“It’s pretty near as green as they come,” says Cliff Majersik, the Institute for Market Transformation’s executive director. “What we need is millions of homes like the ones they’re building.” That’s not as far-fetched as it may seem. The green-building industry is expanding, and research by IMT and others suggests that buyers are willing to pay a premium for sustainable features. If lenders begin incorporating energy costs into mortgage calculations, as some are advocating, that could give the industry an additional incentive to go green.
Some observers, however, note possible downsides to Flywheel’s ultra-green approach. Mount Rainier Mayor Malinda Miles likes the houses (“if I could tear mine down, I’d build one just like it”). But the mayor worries that Flywheel’s success, along with similar projects in the pipeline, could accelerate a gentrification trend that is already stressing some city residents — a tension facing communities across the country. “What does it do to the housing stock around it in terms of affordability?” she asks. (A few weeks later, she would win reelection on a platform that included reining in gentrification.)
Another potential downside is that the extreme passive-house requirements may yield too little payoff for many builders in the D.C. region and in similar climates. “It makes more sense in the colder climates,” says Foss of the Green Building Council. “As the climate gets milder, the costs ... are the same, but the actual energy savings are less.”
While the houses sold for less than Pitts and Miller had originally hoped, Flywheel did make a profit, although the pair declined to divulge how much they will take home. “Overall what we did is probably not more or less profitable than standard construction,” Miller says. But, he adds, success is not measured just in dollars: The townhouses give their fledgling company valuable boosts in credibility and experience. They have a bid in on a $15 million, 31-unit passive-house townhouse project in Hyattsville whose units would generate enough power for an electric car as well as the house itself. “We have other projects lined up, we have goodwill, we have intellectual capital,” says Miller. “In our business that is powerful currency.”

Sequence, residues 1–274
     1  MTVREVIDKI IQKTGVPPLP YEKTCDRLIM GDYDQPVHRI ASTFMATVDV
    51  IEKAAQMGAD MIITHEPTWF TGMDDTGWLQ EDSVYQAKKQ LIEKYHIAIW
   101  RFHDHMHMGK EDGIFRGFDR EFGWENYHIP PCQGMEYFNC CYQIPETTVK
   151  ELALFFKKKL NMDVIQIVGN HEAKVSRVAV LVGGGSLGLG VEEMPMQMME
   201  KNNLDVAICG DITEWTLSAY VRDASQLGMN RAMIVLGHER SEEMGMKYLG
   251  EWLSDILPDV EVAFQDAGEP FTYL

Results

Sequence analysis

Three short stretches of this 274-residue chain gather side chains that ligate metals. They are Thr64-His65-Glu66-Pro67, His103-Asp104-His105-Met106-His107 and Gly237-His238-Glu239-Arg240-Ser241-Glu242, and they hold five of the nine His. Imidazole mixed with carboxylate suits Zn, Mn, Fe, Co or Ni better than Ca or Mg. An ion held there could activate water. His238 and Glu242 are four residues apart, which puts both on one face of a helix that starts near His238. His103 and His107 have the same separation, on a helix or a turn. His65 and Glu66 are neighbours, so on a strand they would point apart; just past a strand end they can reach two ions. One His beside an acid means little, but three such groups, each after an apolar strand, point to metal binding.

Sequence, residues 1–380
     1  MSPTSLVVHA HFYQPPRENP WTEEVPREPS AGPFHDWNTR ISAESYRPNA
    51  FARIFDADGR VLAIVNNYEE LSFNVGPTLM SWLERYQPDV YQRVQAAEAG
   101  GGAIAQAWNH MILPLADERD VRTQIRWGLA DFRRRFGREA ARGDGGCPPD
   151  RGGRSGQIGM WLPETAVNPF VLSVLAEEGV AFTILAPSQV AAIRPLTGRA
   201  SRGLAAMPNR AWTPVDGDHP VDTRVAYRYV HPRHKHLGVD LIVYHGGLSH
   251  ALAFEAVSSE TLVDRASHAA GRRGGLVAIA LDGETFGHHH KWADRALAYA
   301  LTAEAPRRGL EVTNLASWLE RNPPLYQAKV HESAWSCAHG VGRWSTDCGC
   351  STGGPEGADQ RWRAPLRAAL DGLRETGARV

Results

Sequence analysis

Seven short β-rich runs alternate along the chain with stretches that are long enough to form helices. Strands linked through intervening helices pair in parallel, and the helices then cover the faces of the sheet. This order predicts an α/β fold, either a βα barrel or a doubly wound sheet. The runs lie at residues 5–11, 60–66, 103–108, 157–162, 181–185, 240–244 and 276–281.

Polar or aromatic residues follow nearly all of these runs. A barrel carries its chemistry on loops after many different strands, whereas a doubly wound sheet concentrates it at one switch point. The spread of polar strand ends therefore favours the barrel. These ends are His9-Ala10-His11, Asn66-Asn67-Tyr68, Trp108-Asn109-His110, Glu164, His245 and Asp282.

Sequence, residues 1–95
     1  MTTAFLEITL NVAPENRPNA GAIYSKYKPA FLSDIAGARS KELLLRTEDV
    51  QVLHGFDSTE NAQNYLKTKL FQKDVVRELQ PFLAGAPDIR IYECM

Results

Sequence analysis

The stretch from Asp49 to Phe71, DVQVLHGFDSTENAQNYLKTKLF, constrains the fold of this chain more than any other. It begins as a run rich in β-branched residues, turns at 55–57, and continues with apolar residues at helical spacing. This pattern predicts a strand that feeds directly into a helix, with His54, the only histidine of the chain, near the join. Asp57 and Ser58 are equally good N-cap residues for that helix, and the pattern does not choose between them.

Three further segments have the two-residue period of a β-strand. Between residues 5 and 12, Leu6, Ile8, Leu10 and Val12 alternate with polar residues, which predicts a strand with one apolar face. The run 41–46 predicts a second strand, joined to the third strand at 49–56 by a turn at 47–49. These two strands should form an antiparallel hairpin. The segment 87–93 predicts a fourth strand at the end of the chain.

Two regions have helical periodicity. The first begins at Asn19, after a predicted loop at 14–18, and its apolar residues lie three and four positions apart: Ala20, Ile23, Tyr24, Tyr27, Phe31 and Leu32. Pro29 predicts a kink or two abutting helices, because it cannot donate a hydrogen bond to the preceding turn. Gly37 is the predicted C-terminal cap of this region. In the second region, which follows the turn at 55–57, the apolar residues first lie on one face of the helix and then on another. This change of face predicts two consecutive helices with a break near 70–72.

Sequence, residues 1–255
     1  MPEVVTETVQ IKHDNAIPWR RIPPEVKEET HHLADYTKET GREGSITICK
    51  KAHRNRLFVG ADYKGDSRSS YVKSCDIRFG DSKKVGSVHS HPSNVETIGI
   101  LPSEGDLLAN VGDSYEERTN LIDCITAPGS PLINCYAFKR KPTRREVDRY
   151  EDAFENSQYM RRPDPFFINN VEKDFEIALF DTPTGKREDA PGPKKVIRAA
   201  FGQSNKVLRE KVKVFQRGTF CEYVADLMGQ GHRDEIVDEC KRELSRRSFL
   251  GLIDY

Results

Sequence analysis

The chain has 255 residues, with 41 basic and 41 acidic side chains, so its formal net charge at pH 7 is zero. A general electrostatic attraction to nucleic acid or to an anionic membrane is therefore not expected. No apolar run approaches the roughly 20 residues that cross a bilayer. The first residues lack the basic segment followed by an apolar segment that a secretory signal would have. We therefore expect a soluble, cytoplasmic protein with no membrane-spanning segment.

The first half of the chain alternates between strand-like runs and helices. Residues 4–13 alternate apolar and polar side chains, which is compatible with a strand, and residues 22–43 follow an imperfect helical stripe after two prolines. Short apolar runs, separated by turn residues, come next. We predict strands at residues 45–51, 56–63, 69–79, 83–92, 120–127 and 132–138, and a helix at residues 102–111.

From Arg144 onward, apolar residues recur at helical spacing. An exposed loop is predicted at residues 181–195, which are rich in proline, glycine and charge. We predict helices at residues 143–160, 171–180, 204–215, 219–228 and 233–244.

They also point out that they’re competing with another passive-house builder for an apartment project in the District, a welcome sign for those who would like to see the sustainable-infill model take off. “We want the market to be challenged to build better buildings,” says Miller.
On the afternoon the final contracts were inked, Pitts and Miller were, for once, relaxed, blasting classic rock from the Mercedes’s stereo as they packed up equipment from the site that had been their home away from home for much of the past three years. “They look good, don’t they?” Miller asked me, probably five times, as we gazed at the buildings, each of which is painted a different color: light gray, brick red, steel blue and taupe.
As the sun dipped toward the horizon, Kirsi Grigg drove up. Like parents dropping their kid off at college, Pitts and Miller watched with a mix of pride and wistfulness as her car, still sporting a Barack Obama bumper sticker, entered the garage and the door descended behind her.
Gabriel Popkin is a freelance writer based in Mount Rainier who covers science and the environment.